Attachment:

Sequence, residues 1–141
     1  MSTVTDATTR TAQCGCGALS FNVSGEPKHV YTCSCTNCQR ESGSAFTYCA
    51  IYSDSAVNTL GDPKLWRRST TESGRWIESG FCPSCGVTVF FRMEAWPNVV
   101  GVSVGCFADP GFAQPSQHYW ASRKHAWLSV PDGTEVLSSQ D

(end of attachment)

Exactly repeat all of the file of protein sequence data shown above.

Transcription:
Sequence, residues 1–141
     1  MSTVTDATTR TAQCGCGALS FNVSGEPKHV YTCSCTNCQR ESGSAFTYCA
    51  IYSDSAVNTL GDPKLWRRST TESGRWIESG FCPSCGVTVF FRMEAWPNVV
   101  GVSVGCFADP GFAQPSQHYW ASRKHAWLSV PDGTEVLSSQ D